Lexus Performance Driving School is an accessible, trackside performance buffet
Unless you live in Germany, opportunities to wring out a performance vehicle—even in a straight line—during a test drive are few. Texas, perhaps. Most grand tourer and performance sedan customers won’t track their vehicles on any kind of regular basis—but we can all agree that, when splurging, you’d like to have some sense of the car’s capabilities. If you’re eying a Lexus, you could do far worse than adding $995—barely equivalent to the “destination charge” tacked on most window stickers—to attend a one-day Performance Driving School. You’ll sample three different models on a renowned race track, all with professional driving advice, Lexus-provided safety gear, and catered meals. You don’t even pay for the Michelin tires you destroy doing donuts on the skidpad … but we’ll get to that in a moment.
When I arrived bright and early at Weathertech Raceway Laguna Seca, Lexus had assembled a smorgasbord of sedans and coupes plucked from its performance lineup. A row of IS 350 F Sports stood at attention before an autocross course laid out on the infield paddock, with a similar cadre of RC Fs assembled at the far end by the skidpad. On pit row sat a flock of LC 500s (Lexus’ slinky, V-8-powered, $95K grand-touring coupe), which were grouped into trios, each led by a GS F (sedan, also V-8, now discontinued, and the instructors’ model of choice). Blessedly, the RX 450h and its incongruous F Sport package was nowhere to be seen.
After breakfast, we met the staff and broke into groups of 10 or so to watch a brief presentation on the basics of track driving: braking zones (and how they were marked on track), apex points (ditto), basic vehicle physics.
Then, with proper helmet sizes ascertained, we headed straight into the LC 500s and onto Laguna Seca for a slow (30–40 mph) lead-follow reconnaissance lap. With radios in each car, and the A/C running, we were well-prepared to absorb the instructor’s turn-by-turn instructions on turn-in, apex, and track-out, plus various landmarks—telephone poles, trees, letters on signs—for the several blind corners.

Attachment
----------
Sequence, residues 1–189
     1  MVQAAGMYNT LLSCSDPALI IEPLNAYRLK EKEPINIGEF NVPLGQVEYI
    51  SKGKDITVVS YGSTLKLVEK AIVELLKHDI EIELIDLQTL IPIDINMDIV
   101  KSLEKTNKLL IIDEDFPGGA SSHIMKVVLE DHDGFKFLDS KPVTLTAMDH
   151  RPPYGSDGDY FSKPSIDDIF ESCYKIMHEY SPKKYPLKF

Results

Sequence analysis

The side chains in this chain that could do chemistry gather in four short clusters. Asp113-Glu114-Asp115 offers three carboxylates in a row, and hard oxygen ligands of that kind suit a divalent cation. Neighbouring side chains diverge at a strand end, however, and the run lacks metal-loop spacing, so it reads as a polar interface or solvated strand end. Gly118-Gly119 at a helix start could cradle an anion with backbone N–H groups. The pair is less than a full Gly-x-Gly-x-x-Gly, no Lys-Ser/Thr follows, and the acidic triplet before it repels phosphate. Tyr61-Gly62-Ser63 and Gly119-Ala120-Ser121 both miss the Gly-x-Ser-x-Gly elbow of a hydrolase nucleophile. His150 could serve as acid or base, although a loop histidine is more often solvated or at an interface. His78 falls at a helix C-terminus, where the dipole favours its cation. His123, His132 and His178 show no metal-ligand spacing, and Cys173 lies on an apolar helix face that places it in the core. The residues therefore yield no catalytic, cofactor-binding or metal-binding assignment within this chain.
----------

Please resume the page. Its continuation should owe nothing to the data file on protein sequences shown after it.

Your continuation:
Initial on-track nerves eased, we returned to pit lane for a presentation on braking, designed to mentally and physically prepare newcomers for the intensity of on-track experience. Back out in our lead-follow groups, we practiced putting foot to the floor: Maximum throttle on radioed command, maximum braking at the cone. Then it was back to pit lane, out of the LC 500s, and through the garages to the autocross course. We discussed racing lines and, in between autocross lapping sessions, took turns on a Batak machine, a device designed to hone your reaction times to peripheral stimuli. (Think professional athlete–grade Bop It.) The autocross times we posted in the morning didn’t count; we’d be ranked in our groups according to three later runs that afternoon. Before lunch, however, each group got a chance to chat with Lexus brand ambassador and accomplished racing driver Scott Pruett.
That afternoon, our instructors ramped up the intensity each time we went out on the “big track,” encouraging us to carry more speed through the corners, critiquing us more closely on our racing lines. Lap times didn’t enter into the equation, helping keep our focus on learning rather than outright competition. We channeled that spirit into the autocross course, a lower-speed arena that nevertheless produced lots of grins.
The third and final exercise was the exact opposite of the on-track and autocross sessions: Each of us got a turn on the skidpad to perform our best donut. Your author’s lack of teenage hooliganism proved counterproductive here; but learning to provoke and maintain a slide taught me far more than I expected. As the on-hand instructor put it, the skidpad was a opportunity to build confidence behind the wheel: skid = bad is a good mindset for street driving, but, in more aggressive contexts, it will prevent you from learning how to control a vehicle at the edge of traction.
You might find yourself at a Lexus Performance Driving School for any number of reasons: a birthday or anniversary present, a father-son (or any other familial pairing) bonding trip, or simply curiosity. Whatever your reasons or experience, you’ll enjoy a professionally curated event with opportunities to learn from racing pros and spend real time behind the wheel of some fast cars. (The 2021 calendar includes events at Laguna Seca and Circuit of the Americas.) Those who crave a fully roll-caged, intensive racing primer should save their pennies and check out Skip Barber Racing School; but for those wanting a friendly entry point to on-track driving, Lexus’ PDS calendar is a great place to start.